The incarceration of offenders who break the rules of their probation or parole is one of the chief reasons for the rapid growth of prison and jail populations and costs. Over 230,000 parole violators were admitted to prison in 2005, accounting for more than one-third of all admissions. Half the U.S. jail population is the consequence of failure under community supervision.
Some of these offenders are returning to lock-ups for committing new criminal acts. Others are revoked to prison for violations of their parole and probation conditions, non-criminal offenses such as missing appointments or failing drug tests. A growing body of analysis and experience suggests a strategy that can boost the success of people on parole and probation, keeping them crime- and drug-free and thereby saving more prison beds for violent, serious and chronic offenders.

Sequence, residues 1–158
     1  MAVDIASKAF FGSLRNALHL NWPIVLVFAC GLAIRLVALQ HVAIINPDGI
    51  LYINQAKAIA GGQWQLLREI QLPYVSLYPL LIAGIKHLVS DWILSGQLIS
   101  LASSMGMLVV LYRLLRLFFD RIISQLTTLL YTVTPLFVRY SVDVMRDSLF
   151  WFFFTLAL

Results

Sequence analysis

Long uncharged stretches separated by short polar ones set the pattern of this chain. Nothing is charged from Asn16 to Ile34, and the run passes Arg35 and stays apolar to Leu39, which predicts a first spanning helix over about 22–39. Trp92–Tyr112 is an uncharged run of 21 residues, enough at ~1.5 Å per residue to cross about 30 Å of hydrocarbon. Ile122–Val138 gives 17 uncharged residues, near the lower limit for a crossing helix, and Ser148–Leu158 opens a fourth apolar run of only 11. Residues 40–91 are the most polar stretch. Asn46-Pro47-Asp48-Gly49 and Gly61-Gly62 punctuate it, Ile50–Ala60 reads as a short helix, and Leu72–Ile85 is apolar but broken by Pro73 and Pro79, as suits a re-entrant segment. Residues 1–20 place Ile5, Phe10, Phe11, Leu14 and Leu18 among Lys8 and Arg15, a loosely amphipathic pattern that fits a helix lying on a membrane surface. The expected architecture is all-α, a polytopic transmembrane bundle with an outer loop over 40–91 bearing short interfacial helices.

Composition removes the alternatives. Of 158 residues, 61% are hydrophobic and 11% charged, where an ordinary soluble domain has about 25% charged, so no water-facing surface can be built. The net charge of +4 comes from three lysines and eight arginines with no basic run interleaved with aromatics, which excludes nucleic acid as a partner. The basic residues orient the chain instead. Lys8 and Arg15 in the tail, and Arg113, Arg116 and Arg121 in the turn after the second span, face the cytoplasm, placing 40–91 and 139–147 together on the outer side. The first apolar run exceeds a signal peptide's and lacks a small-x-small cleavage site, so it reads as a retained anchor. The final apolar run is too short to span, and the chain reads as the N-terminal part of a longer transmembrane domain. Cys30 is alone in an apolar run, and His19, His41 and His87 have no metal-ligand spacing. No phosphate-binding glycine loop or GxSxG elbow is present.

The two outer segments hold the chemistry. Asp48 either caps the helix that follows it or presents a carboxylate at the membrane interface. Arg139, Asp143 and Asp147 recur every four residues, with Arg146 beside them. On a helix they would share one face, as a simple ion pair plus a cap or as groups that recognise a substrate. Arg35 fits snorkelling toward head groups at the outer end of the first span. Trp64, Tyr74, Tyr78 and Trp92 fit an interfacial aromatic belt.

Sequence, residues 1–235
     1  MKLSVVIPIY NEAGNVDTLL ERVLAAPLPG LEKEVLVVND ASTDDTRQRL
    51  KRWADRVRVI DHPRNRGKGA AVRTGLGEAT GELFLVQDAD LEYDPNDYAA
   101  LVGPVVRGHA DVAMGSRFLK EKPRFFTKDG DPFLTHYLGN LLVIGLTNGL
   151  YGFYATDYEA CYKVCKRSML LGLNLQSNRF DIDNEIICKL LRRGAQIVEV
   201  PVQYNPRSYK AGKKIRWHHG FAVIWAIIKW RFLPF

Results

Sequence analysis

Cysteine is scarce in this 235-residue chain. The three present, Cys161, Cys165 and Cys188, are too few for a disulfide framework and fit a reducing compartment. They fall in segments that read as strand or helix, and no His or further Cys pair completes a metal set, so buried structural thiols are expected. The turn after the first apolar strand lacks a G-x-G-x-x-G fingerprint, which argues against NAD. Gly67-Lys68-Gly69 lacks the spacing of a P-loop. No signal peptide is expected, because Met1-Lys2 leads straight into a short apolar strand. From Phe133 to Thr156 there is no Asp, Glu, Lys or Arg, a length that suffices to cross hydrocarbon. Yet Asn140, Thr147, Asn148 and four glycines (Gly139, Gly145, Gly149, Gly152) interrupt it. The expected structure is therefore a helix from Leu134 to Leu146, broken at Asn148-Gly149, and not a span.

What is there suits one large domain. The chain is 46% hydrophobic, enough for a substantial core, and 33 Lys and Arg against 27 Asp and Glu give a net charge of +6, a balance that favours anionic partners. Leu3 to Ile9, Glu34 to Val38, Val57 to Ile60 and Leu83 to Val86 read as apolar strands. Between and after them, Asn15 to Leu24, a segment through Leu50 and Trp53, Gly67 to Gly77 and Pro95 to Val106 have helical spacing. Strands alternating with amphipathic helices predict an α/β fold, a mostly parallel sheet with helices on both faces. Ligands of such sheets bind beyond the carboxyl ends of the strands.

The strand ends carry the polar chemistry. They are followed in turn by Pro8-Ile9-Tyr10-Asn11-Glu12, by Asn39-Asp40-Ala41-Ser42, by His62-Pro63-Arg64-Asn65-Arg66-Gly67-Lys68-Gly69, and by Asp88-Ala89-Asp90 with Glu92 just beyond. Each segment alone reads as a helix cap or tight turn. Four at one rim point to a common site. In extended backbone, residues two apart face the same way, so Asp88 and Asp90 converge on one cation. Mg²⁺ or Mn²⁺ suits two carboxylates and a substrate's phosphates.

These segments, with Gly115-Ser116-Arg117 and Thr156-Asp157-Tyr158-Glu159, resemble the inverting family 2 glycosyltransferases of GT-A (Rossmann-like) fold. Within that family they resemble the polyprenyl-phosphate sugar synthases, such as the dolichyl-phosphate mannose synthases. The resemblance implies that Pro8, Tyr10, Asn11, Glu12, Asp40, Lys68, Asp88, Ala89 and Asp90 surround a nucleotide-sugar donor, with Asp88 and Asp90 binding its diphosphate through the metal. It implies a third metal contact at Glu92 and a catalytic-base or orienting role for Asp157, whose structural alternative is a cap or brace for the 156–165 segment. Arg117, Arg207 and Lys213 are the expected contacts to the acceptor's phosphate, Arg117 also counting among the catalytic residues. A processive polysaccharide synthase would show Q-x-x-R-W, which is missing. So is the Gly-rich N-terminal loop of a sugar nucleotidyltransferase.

Some states return a high percentage of probationers and parolees to prison for breaking the rules of their release; others do not. The decision to seek revocation of community supervision can be inconsistent, the result of wide variability in staff members’ interpretation of when revocation is appropriate. Revocation rates also vary widely within a single state—high in one region, much lower in another—and even among judges and parole officers in the same district. This raises questions about evenhandedness and fundamental fairness. It also suggests a significant opportunity to be more strategic in using the power to revoke release.